(She probably used some appropriate txt abbreviations.)

Her mom told this story to my wife who said the friend texted back that she was equally incredulous.  Apparently, there’s nothing at work to indicate that this guy — who is highly respected among the people at the church — would be there.  Quite the opposite, actually.  

Unfortunately, this kind of story replays all too often. The challenge to those of us who’ve crossed the line of faith, is not to be the guy in the story.

October 18, 2011

We Have Identified The Source of the Problem, And It’s…

Filed under: evangelism — Tags: , , , , , , , — paulthinkingoutloud @ 7:13 am

I found today’s item at the blog, Jamie The Very Worst Missionary, which is, I suppose, a story all by itself, but we’ll save that for another day.  The guest writer was Alise Wright who blogs at the similarly sounding Alise…Write (took me a while).

The Reverse Missionary

When I start thinking about missionaries, I think about people are sharing Jesus with people. A missionary is someone who knows the gospel message and whose life goal it is to tell that life-giving message to anyone who will listen. I’ve been in the Church long enough to know that you don’t have to go to Africa to be a missionary (though it totally helps your missionary cred), but missionaries have a group they’re out to make sure to tell the story to. The unsaved.

I’m a Christian and my husband is an atheist.

So we all know who MY mission field is, right?

Yeah, not so much.

I’ve met a lot of atheists in the past two years and one thing I’ve found about almost all of them is that they know the story. They know who Jesus is, they know what Christianity teaches, they know what we believe. They’ve visited our churches, listened to our songs, read our holy book. The message is not the problem.

We are.

We, the Church. We who talk about grace, but are quick to cheer when the bad guy gets his. We who talk about talk about forgiveness, but would rather hold a grudge. We who talk about desiring persecution for His name’s sake, but make sure that we do our fair share of persecuting of “the other”. We who talk about God’s acceptance, but are loathe to share our filth with one another.

And I can look at this and point to all of the reasons why we suck, but I think it boils down to one thing. We don’t believe that God really and truly loves us the way he says he does. And when we don’t believe it, we can’t live it, not really. We serve a God can do “immeasurably more than we ask or imagine” and yet we place limits on how much he can love. We place them on ourselves and as a result, on others.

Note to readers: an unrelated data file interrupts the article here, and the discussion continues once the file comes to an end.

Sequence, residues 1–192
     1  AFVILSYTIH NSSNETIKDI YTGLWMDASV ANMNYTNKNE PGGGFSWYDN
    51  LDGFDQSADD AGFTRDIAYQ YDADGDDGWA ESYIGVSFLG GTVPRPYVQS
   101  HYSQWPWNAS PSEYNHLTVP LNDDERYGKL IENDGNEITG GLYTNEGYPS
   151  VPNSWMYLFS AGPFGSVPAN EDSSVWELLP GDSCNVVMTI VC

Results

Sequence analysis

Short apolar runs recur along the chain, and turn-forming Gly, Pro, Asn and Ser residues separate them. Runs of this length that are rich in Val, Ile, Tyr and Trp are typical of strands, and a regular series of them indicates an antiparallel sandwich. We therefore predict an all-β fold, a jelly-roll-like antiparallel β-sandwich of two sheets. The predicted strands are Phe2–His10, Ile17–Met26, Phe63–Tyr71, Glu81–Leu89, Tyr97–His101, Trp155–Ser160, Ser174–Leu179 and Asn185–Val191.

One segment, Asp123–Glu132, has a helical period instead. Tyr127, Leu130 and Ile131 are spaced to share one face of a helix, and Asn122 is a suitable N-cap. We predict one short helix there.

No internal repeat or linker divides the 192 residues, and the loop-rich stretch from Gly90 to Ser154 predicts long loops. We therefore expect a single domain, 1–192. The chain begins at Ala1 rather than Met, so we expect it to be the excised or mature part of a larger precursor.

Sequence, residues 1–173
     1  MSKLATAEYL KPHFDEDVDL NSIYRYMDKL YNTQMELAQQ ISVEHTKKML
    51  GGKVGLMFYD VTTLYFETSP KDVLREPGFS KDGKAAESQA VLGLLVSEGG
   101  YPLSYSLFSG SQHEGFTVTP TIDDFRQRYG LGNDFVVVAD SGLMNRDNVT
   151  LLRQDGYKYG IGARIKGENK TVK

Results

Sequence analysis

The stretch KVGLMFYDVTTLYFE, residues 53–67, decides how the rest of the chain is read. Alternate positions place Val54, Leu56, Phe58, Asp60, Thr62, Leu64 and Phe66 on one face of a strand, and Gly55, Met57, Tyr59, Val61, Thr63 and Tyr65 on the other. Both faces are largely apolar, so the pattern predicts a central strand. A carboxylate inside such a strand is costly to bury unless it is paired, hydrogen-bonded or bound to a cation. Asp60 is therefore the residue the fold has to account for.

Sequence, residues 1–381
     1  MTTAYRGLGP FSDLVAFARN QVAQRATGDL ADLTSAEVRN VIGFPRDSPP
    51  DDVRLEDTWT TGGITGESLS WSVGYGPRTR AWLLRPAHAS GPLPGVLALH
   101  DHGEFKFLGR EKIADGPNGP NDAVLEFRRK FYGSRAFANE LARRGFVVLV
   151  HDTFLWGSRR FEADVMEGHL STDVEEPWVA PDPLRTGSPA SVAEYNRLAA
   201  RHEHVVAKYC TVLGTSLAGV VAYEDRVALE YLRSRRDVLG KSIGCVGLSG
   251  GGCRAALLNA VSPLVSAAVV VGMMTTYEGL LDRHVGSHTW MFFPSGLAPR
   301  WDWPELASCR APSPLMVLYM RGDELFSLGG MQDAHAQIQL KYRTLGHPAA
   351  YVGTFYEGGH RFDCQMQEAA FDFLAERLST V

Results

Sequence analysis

So my mission? To show love. God’s wide, long, high, deep, immeasurable love. Love that is wild and free. Love that reaches further than we can think, further than we dare to hope. Because when we get that, deep in our bones, we don’t have to worry about making sure people know the gospel.

We will BE the gospel.


click graphic for image source

October 16, 2011

Not Of the World, But In The World

Filed under: Uncategorized — Tags: , , , , , , — paulthinkingoutloud @ 4:44 pm

John Fischer posted this a few days ago at his blog, The Catch.  (Note: His individual blog posts are called ‘catches.’)  He called it, Their Place in the World.

So I’m back in the Student Union building at Grove City College, Grove City, Pennsylvania. I say “back” because it was two years ago when I last wrote a couple of Catches from here. I spoke in chapel yesterday morning for the allotted 17 minutes, and something must have struck a chord because over 800 students came back to hear me in a 45 minute session last night.

I had numerous individual comments that what I was saying was just what was needed right now on this campus. And what I am saying is that the Christian subculture in America has gone off its track (if, indeed, it was ever on), and it was now up to them to enter the world as Christians in culture, not as cultural Christians. The use of the word “Christian” as an adjective is now a liability in a culture that thinks Christians are judgmental, pushy, anti-homosexual, and hypocritical.

I pointed out to them that as Christian musicians [in the ’70s and early ’80s], we never proved ourselves on the world’s stage. We only excelled in our own separate Christian market where it was easy to be somebody with limited competition, like playing in our own sandbox.

I am amazed that they are receiving this and accepting the challenge to prove themselves in the world and bring the gospel along with them. The world never needed Christian anything. It needs Christians taking up their place in it. We can only pray that some of these students will do just that.

~John Fischer

August 9, 2011

What Saltiness Looks Like

Filed under: evangelism — Tags: , , , , , — paulthinkingoutloud @ 9:04 am

Several years ago, the little Christian bookstore where I work took out an advertisement in what can only be called a “fringe” publication.  Recently, I felt it was time to go back another time. Our ad appears on a page with three psychics.  It simply states:

In a world that offers many spiritual options…Consider a classic

Then the name of the store appears underneath.  It probably will not pay for itself in terms of bringing in customers.  It’s there more to stand in contrast to the psychics, the Reiki healers, the yoga classes, the course in Shamanism and the person who does ear coning, whatever that is.

There isn’t a little fish symbol in the bottom right corner, or a cross in the background gradient that makes up this small simple black-and-white advertisement.  It’s designed not to offend, but to simply be a Christian presence in a place where a Christian voice would be rather unexpected.

Of course, I realize that when I pay the bill, I am directly funding a publication which has much content with which I would disagree.  But I feel this is essentially what it means to be salt and light.